JACK'S BACK (1988)Label: Scream Factory
Release Date: January 26th 2016
Region Code: A
Duration: 97 Minutes
Audio: English DTS-HD MA Mono 2.0 with Optional English SDH Subtitles
Video: 1080p HD Widescreen (1.78:1)
Director: Rowdy Herrington
Cast: Chris Mulkey, Cynthia Gibb, James Spader, Jim Haynie, Robert Picardo, Rowdy Herringto
I only vaguely recall this movie from cable TV viewings in my teens and I am pretty sure I never watched the whole things, so I was pleasantly surprised to see it appear on Blu-ray from Scream Factory. I confess that I love pretty much anything James Spader appears in for better or worse, he was one of the penultimate assholes of '80s cinema, in everything from The New Kids (1985) to Less Than Zero (1987), so it was nice to see him stretch his acting-muscle with this one which offered him the chance to play the dual-role of twins Jack and Rick Wesford, playing opposite sides of the same coin so to speak, one brother is an altruistic medical student with a promising future, the other is a shoe store manager with a shady past.
As the movie begins it has been one-hundred years since Jack the Ripper carved a bloody swath through the red-light district of London, now in the modern age someone is re enacting the Ripper murders in downtown Los Angeles. One night Rick is plagued by a nightmare of his brother being attacked and murdered, and it turns out what he saw in his nightmare actually happened, he somehow experiences his twins death through dreams. The L.A.P.D. believe his brother may have been the Ripper killer, which he knows not to be true. Rick teams-up with his late brother's lady friend Chris (Cynthia Gibb, Youngblood) to help clear his brother's name, but the local cops think that Rick might be a suspect in both his brother's murder and the string of Jack the Ripper slayings, which could prove problematic.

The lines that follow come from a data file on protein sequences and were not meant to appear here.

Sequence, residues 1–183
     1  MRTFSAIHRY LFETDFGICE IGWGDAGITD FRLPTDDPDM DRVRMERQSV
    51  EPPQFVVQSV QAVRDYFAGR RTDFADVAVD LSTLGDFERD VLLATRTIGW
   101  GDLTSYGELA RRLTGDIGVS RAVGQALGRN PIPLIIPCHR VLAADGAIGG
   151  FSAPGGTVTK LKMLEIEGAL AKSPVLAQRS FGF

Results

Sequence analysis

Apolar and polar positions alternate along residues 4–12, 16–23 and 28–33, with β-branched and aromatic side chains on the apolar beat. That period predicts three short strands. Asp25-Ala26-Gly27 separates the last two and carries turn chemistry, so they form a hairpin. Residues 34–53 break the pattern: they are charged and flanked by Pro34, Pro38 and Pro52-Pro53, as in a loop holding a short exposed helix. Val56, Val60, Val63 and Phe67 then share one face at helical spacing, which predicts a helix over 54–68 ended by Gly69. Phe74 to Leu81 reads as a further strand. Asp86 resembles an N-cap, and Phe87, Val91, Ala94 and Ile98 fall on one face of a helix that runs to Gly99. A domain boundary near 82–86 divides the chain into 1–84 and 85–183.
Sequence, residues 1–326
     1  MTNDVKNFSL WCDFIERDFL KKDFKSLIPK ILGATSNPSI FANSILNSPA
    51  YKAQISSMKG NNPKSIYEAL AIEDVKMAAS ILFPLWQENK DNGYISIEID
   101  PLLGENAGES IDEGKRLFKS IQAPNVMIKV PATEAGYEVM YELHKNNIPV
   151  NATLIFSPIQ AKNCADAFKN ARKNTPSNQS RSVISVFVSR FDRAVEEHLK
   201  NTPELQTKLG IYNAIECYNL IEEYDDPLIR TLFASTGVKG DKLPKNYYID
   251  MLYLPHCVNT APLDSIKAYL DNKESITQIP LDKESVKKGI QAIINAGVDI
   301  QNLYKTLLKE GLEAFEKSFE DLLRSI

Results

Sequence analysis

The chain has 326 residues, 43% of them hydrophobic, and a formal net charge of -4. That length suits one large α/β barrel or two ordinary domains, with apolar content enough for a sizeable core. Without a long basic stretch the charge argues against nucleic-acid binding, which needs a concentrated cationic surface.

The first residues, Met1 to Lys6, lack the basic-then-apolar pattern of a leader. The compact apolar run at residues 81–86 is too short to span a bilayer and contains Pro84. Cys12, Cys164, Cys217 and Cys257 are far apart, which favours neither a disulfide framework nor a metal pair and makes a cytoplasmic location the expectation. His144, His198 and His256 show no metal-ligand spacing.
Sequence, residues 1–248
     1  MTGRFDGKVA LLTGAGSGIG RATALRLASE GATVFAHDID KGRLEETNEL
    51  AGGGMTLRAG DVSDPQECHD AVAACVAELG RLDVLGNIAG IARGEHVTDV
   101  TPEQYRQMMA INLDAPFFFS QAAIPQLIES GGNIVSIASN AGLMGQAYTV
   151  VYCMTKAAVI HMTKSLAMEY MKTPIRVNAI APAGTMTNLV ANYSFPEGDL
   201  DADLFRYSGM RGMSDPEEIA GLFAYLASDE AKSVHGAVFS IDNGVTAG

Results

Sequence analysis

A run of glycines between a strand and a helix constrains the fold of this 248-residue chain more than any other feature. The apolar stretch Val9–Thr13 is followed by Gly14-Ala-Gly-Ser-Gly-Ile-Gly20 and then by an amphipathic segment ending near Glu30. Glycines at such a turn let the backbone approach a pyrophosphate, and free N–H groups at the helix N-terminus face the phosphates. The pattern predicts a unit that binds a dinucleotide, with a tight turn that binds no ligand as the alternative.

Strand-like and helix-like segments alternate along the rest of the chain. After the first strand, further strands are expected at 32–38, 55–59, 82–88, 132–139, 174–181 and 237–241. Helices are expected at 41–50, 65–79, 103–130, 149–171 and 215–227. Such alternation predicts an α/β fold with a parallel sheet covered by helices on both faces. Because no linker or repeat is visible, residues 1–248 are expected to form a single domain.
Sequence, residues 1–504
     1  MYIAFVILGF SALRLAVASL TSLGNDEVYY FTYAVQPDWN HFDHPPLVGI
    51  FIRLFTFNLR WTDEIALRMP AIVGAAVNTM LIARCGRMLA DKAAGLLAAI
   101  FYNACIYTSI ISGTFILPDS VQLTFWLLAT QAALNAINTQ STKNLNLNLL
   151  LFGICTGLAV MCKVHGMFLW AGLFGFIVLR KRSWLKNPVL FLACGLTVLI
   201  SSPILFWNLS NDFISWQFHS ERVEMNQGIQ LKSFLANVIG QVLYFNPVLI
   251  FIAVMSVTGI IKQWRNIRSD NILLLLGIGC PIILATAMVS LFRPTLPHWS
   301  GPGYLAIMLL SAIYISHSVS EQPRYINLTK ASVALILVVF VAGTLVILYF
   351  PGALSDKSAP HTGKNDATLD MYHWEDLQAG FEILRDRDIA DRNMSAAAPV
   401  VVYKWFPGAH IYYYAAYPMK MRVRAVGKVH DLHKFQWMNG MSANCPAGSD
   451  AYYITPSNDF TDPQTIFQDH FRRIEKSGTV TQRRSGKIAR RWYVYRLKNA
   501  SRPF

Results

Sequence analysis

Right from the start of the movie you know in which decade this is set, the score has a very late-eighties sound that is heavy on saxophone, a bit too much for my taste. Thankfully it also begins with a brief but effective scene of a prostitute murdered in an alleyway, but then things begin to slow down, though it is never dull. I have to credit Spader who turns in his usual magnetic performance, the guy oozes a dark coolness in every movie, and we have more of the same here. Cynthia Gibb is decent as the wide-eyed pseudo love interest, I sort of liked how she didn't jump right into bed with this guy, who is the spitting image of her former best friend who was murdered. They have a decent chemistry, you sort of feel like they have a budding love connection, but you have to remember that this is whodunit murder movie, can she really trust this guy?
The movie has a few familiar faces popping up, beginning with character actor Robert Picardo (The Howling), who is actually the first face you see onscreen after the opening murder. appearing as psychiatrist Dr. Carlos Battera who is working with the L.A.P.D to develop a criminal profile of the killer. The guy seems shady, and this movie has not shortage of could-be killer types to choose from, it that respect is has a certain Italian whodunit feel about it, minus the black gloved killer and stylish kills.